The ability to provide access as needed, maintaining data security.

The ability to facilitate efficient material replenishment.

3.0. Warehouse Management Systems Integration

3.1. Real-Time Radio Frequency Communications.

The benefits realized from real-time Radio Frequency (RF) communications are as follows:

Information availability – Real-time status updates of receipts, manufacturing requests and customer orders provides the warehouse with tools to manage the on-going activities. Providing the warehouse with adequate response to the changing needs and allowing management to relocate its labor, equipment and space resources as required to maximize performance.

Material Tracking – Real-time communications allows verification of all transactions which affect material location. This verification updates status records are used in future transactions, are used to eliminate most material transaction errors, and provide immediate solutions to errors that are identified. Real-time communications allows the warehouse to operate more efficiently by providing quick and accurate information about open/empty storage locations for put-away loads, without the necessity of manually searching of the rack.

Labor Pacing – Real-time communications between the system and the operator allows the system to pace the operator from one assignment to the next. The system will provide the operator with the proper task or tasks depending on each operator availability and product requirement. The result is workload management that maximizes task accomplishment and minimizes labor idle time.

Real-time RF communications is a valuable operational investment. The improvement in stock and inventory accuracy, labor management and responsiveness to manufacturing result in tangible cost savings. Most up-to-date WMS packages will support real-time RF communications. It is important to remember that effective real time communications will be depended upon the response time by the control system computer. It is important that the control system does not degrade the response time of existing applications, nor have an excessive response time.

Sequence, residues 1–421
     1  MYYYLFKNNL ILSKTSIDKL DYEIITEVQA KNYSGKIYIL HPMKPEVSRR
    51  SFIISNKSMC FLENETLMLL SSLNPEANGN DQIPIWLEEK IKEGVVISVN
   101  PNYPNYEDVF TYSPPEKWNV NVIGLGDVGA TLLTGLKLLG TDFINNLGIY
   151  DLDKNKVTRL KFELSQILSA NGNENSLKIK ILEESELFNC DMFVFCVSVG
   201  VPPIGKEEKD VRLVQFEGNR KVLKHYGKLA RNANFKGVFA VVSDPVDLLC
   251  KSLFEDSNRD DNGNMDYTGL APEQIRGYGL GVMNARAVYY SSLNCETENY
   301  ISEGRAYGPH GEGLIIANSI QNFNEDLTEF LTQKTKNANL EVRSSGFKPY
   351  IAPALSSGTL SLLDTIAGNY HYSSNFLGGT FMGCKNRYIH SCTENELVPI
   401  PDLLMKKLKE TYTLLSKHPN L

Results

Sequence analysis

3.2. Bar Coding.

The benefits from bar coding can be classified as follows:

Labor Reduction – Reduces the time required to identify loads and locations to support real-time RF communications transactions.

Data Acquisition Accuracy – Bar code data entry, with a typical error rate of one in one-two million scans is both fast and very accurate. As oppose to keystroke data entry, with typical error of one in three hundred keystrokes, which is both error prone and time consuming. The importance of data accuracy is essential to the success of real-time RF communications, which is provided by bar code data entry.

Compliance Labeling – Bar coding is being consent, even mandated, by customers as standards placed upon product. This enables the customer quick receipt and confirmation of receipt when combined with EDI shipment data.

It can be seen that the most compelling benefit gained from the use of bar coding is the effective support of data collection and real time RF communications. Without the bar code, both data collection and real-time communications (through manual keystroke input) will be full of errors and will slow productivity. Bar coding is a fast and accurate method through which real time communications can provide extremely important benefits.

3.3. Warehouse Management System Software.

The warehouse management system application software, also known as supply chain software for distribution centers of warehouses, facilitates speedy execution of product orders for suppliers and vendors at warehouses. The WMS software is currently mainly used for inventory management.

Most of the companies involved in the industrial, retail and transportation business are looking at this type of software as a solution to their current warehouse operational problems. Even though warehouse operations are not a completely new issue, there is not much information concerning the WMS. What are the top players? What is the global market share? The local market share? What are the vendors doing to keep up with on going market changes? To try and have a more clear picture the WMS an in depth look at the market trend for WMS has been performed and is presented in the following section.